I answer a lot of questions on Quora. Many of those questions are about automotive things that may be of interest to CarNewsCafe readers. Like this one.

Why do big trucks start turning the opposite way slightly before making their turn?

My Answer: Drivers are taught the “button hook” turn as part of truck driver training. The turn draws a line with the truck that looks like the old hooks used to fasten ladies buttons back in the day. It’s shaped similar to a shepherd’s crook, drawing a straight line then bulging out to one side before hooking back the other way.

This does several things. First, it allows the truck and trailer to be straight when waiting for the turn or entering it. This keeps the truck in its own lane so it’s not blocking multiple lanes of traffic and it “hogs” the turn lane so cars or motorcycles don’t get fancy ideas about turning inside the truck.

The “hook” action of turning outwards before turning in for the turn keeps the trailer’s tires straight and in their lane while pulling the trailer as far into the intersection as possible before the turn is actually made. The “out before in” also realigns the trailer’s tires sligthly away from the inside point of the turn, maximizing the amount of space available for the trailer’s tires when they begin their turn.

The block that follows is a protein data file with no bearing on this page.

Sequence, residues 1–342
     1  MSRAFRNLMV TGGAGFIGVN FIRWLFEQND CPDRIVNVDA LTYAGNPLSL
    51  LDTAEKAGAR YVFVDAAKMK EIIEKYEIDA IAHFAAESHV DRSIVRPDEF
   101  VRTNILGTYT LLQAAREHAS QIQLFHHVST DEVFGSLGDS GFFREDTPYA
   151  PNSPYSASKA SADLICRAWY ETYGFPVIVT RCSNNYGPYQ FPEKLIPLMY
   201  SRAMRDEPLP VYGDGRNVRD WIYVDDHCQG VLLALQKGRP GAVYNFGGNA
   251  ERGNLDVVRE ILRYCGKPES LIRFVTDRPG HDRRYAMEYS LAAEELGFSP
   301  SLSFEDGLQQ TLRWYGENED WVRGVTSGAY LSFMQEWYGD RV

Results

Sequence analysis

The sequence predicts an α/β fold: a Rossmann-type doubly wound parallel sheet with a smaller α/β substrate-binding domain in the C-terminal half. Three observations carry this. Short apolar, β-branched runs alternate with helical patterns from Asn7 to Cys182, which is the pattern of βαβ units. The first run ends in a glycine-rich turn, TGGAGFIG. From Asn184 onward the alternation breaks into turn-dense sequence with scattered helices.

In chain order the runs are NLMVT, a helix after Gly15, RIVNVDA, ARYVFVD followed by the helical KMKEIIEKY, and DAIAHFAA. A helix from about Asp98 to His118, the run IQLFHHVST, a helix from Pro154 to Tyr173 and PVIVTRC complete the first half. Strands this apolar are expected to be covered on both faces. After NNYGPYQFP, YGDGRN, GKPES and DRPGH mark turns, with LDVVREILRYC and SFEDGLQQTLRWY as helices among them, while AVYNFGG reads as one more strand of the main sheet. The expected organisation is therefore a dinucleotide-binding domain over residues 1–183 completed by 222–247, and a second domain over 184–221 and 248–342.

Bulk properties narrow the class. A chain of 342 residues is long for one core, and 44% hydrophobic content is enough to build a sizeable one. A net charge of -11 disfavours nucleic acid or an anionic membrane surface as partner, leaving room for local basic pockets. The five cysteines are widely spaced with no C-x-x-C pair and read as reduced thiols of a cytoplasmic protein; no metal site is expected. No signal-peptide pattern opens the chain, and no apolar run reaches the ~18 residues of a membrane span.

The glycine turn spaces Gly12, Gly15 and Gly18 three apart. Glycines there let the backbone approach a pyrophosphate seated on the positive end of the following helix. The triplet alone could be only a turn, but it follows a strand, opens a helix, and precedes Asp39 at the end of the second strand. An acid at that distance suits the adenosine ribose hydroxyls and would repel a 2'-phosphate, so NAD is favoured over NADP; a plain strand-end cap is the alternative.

Because the trailer tracks inside where the truck does in a turn, the amount of space allowed is very important. The length of the trailer, or more specifically the center point of its rearmost axles, determines how much the difference between the truck’s line of travel and the trailer’s will be. On most semi-trucks with a 53-foot trailer set to “California” (center of trailer axles at 40-feet from trailer nose), that track difference can be 3–5 feet if the turn is sharp.

By swinging out before turning in, using the button hook maneuver, the driver can reduce the track difference by 2 or more feet, thus keeping the trailer largely within its lane when turning and minimizing risk of damage or accidents.

In the driver’s test for a CDL Class-A license, if the driver “curbs” the trailer’s tires in a turn (runs over the curb while turning), it can be an automatic fail. That’s how important understanding the tracking of the trailer is to commercial driving.

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An automotive enthusiast for most of his adult life, Aaron has worked in and around the industry in many ways. He is an accredited member of the Rocky Mountain Automotive Press (RMAP), the Midwest Automotive Media Association (MAMA), and freelances as a writer and journalist around the Web and in print. You can find his portfolio at AaronOnAutos.com.

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